A middle-aged protagonist’s expectations of growing old in comfort and style with their rich, handsome partner in a tastefully grand Manhattan apartment are unsparingly dashed when said partner makes an abrupt departure. Stunned and devastated, the childless protagonist looks to a pair of longtime pals for support, as well as a prickly new friend who comes attached to a major real estate deal. A spirited but shambolic co-worker encourages the protagonist to figure out the next chapter of their life, while shots of a squeaky-clean, casually plutocratic New York, set to a jaunty, jazzy score, suggest that one’s post-40 years can be so much more than fretting in front of a mirror.
That’s the story of the quinquagenarian Carrie Bradshaw in “And Just Like That … ,” the “Sex and the City” sequel series that premiered last year. It’s also the plight of Neil Patrick Harris’s Michael Lawson in “Uncoupled,” the charmless new Netflix comedy from Jeffrey Richman and Darren Star, the latter of whom created the iconic HBO show (and later ceded creative control to Michael Patrick King).
Like Carrie, Michael has to start over unexpectedly after years of feeling settled – though in his case, it’s because his boyfriend, Colin (Tuc Watkins), moves out after 17 years together with nary an explanation. For most of the season’s eight episodes, Colin remains a cipher (though it’s not as if any of the other characters get much fleshing-out).
Dating as a gay man in one’s late 40s is a nightmare, Michael complains, particularly when so much has changed about hookup culture since the mid-2000s; an entire episode is dedicated to the norms and mores of Grindr. But the real estate agent doesn’t get much sympathy from his richest client, Claire (Marcia Gay Harden, seemingly willing herself into camp diva status through over-the-top line deliveries). Mid-divorce from a philandering husband, the loudly self-pitying Claire dares Michael to compare his situation to hers – and he’s happy to oblige.
Star’s characters have tended to grow older with him. The former wunderkind behind “Beverly Hills, 90210” followed up “Sex and the City” with “Younger,” the irrepressible romantic sitcom starring Sutton Foster as a 40-year-old woman who poses as a 20-something when no one will hire her for an entry-level job, and “Emily in Paris,” the weightless but compulsively watchable girlboss fantasy in which Lily Collins’s titular ingenue will never be as interesting or charismatic as her middle-aged French colleagues.
One might hope, then, that Star’s latest show would offer some insight into the aging process, especially given that it’s the gay TV auteur’s first series with a gay male protagonist. But “Uncoupled” is flat, joyless and surprisingly cold-looking. Star’s best shows, like “Sex and the City” and “Younger,” tend to be triumphs of casting, but it’s hard not to get the sense that Harris – so heartbreaking in his recent turn on HBO Max’s AIDS drama “It’s a Sin” – is substantially miscast, seemingly handcuffed by the demands of broad-appeal likability.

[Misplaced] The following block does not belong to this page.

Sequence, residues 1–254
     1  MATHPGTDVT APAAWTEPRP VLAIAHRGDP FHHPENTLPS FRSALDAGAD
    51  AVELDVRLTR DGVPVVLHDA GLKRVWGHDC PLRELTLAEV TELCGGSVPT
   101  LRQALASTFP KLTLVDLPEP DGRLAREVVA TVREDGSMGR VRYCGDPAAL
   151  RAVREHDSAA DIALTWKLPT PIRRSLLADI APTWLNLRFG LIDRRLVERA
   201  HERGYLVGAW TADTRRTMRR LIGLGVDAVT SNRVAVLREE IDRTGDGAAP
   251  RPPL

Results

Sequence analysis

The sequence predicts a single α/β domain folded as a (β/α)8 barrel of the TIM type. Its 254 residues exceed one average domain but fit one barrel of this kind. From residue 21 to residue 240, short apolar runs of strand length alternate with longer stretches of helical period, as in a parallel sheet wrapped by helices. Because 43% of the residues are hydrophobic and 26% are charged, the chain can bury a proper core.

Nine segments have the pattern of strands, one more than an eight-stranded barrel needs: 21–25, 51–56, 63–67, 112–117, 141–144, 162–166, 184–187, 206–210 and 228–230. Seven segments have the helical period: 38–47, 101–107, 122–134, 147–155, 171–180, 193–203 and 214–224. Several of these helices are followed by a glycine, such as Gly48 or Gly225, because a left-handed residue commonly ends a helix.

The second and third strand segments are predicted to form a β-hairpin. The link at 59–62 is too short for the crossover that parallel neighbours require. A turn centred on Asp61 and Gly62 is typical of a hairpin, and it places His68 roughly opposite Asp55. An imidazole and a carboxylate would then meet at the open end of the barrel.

The actor is most inventive in roles that evince authority, like the smarmy, manic know-it-all Barney Stinson on “How I Met Your Mother.” As the perplexed and adrift Michael, who’s not sure how he’s supposed to feel about being the wreckage of someone else’s midlife crisis, Harris seems less assured, more stuck in his head.
Though it takes a couple of episodes to get there, the actor does conjure a playful spark with Tisha Campbell, who plays his office partner, Suzanne. But it’s not until the final episode that Suzanne and Michael’s friends – libertine weatherman Billy (Emerson Brooks) and hangdog art dealer Stanley (Brooks Ashmanskas), analogues for Samantha and Charlotte, respectively – get any significant character development.
What the show lacks most conspicuously, though, especially given its fatalistic air, is moments of emotional groundedness. There are a few scattered about, most poignantly Claire’s loss of her friends post-divorce, since they decide to side with her much-wealthier husband. “Uncoupled” tries to balance out its aspirational trappings with sexual frankness, but the perfectly trim and hairless bodies on display undercut that effort, too.
If “And Just Like That …” made female middle age look like one long slog, “Uncoupled” doesn’t have much to add from a gay man’s perspective, despite the small representational milestone it achieves. Perhaps it’s fitting, then, that it’ll mostly just make you nostalgic for Star’s earlier work.